Dáil Éireann - Volume 388 - 13 April, 1989

Ceisteanna—Questions. Oral Answers. - Education Structures.

[1461] 2. Mr. M. Higgins asked the Minister for Education if it is her intention to introduce a comprehensive Education Act in order to address, among other things, the legal anomalies which have been reported publicly and which attach to the status of regulations and practices being introduced in matters of education.

40. Proinsias De Rossa asked the Minister for Education if she has made a submission to the Primary Education Review Board; if the reports of the submission carried in a report (details supplied) are correct; if she will publish the full submission; if it is intended to place the primary education system on a proper legal basis; and if she will make a statement on the matter.

Mrs. O'Rourke: I propose to take Questions Nos. 2 and 40 together.

I have not made a submission to the Primary Education Review Body. The report refers to a discussion paper submitted by a member of my Department to the Primary Education Review Body which was not intended for publication.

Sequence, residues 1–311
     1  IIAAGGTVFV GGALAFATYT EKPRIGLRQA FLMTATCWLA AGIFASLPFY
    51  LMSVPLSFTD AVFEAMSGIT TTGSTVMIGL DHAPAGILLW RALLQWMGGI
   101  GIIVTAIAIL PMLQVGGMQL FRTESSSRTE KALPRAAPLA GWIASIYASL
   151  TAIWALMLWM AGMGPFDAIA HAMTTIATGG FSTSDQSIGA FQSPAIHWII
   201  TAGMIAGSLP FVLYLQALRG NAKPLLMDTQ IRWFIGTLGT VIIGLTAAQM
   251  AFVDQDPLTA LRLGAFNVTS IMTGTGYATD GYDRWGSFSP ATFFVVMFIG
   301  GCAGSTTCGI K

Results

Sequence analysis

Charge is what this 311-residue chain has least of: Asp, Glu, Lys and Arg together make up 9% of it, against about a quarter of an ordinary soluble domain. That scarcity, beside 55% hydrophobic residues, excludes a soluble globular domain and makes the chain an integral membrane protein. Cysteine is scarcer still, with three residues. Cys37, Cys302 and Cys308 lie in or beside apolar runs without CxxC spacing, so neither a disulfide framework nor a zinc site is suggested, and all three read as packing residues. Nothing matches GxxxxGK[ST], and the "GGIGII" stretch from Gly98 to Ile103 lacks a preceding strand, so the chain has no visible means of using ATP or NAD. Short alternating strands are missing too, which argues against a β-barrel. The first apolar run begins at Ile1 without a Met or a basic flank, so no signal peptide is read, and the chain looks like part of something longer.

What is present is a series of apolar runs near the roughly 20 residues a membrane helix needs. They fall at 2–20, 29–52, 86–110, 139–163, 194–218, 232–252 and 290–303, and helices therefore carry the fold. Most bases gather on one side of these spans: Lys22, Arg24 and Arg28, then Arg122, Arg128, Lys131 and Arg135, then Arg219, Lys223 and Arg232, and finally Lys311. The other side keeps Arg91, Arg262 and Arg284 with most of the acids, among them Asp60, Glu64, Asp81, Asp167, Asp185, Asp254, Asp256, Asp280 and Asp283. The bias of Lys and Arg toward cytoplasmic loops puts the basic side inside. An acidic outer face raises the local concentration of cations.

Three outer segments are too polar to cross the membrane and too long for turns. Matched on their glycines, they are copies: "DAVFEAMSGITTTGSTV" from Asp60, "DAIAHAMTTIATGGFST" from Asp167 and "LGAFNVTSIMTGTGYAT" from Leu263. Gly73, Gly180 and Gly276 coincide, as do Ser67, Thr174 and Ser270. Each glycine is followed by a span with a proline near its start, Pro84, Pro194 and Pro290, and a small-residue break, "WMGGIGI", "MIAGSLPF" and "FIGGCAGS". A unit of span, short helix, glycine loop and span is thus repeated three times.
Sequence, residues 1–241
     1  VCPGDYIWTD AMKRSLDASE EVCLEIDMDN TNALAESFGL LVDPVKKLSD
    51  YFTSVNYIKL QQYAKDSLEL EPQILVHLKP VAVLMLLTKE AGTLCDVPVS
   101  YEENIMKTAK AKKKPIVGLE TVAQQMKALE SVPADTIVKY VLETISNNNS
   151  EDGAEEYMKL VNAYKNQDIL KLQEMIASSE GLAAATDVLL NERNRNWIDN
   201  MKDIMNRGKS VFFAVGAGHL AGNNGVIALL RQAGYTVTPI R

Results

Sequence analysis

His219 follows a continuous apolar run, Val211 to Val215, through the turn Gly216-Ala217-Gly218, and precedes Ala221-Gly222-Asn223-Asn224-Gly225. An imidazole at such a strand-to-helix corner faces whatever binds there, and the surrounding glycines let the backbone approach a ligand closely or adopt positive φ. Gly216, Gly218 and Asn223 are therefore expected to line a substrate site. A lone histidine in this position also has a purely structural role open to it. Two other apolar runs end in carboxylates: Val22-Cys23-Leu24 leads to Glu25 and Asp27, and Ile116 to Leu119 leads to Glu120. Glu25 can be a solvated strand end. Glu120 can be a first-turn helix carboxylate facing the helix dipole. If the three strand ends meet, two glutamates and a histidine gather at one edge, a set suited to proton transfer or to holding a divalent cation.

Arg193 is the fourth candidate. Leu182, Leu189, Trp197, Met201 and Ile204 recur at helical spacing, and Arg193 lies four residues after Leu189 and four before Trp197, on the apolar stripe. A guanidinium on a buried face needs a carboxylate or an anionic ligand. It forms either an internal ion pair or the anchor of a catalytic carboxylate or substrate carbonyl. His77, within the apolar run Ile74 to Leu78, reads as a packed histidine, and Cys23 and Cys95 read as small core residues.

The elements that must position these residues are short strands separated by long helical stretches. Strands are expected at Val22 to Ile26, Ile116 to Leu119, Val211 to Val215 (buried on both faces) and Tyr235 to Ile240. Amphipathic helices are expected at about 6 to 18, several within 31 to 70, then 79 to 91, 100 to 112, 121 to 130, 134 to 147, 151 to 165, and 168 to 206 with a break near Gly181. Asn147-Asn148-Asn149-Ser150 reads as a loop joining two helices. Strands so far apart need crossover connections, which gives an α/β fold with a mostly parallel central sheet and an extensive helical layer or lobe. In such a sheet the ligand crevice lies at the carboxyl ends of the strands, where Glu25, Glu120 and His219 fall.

The primary education system derives from the Stanley letter of 1831, the Royal Charters of 1845 and 1861, the Ministers & Secretaries Act of 1924, Articles 42 and 44 of Bunreacht na h-Éireann, and the School Attendance Act 1926.

The rules for national schools are not statutory rules but exist in pursuance of Articles 42 and 44 of the Constitution and have their origins in rules previously drawn up on the basis of the Stanley letter and Royal Charters by the Commissioners of National Education in Ireland. The Minister for Education is empowered under the Ministers and Secretaries Act of 1924 to administer public services in education and to take over the functions of the Commissioners for National Education in Ireland. In numerous court cases the rules have been afforded quasi-legal status, and the rules, along with administrative circulars and directives have been treated as legally binding.

[1462] With regard to the introduction of an Education Act, the Primary Education Review Body will be addressing issues concerning the structures in primary education in the course of their deliberations and will complete their work later this year. I do not intend to take any action in the matter until I have had the opportunity to examine the review group's report and recommendations.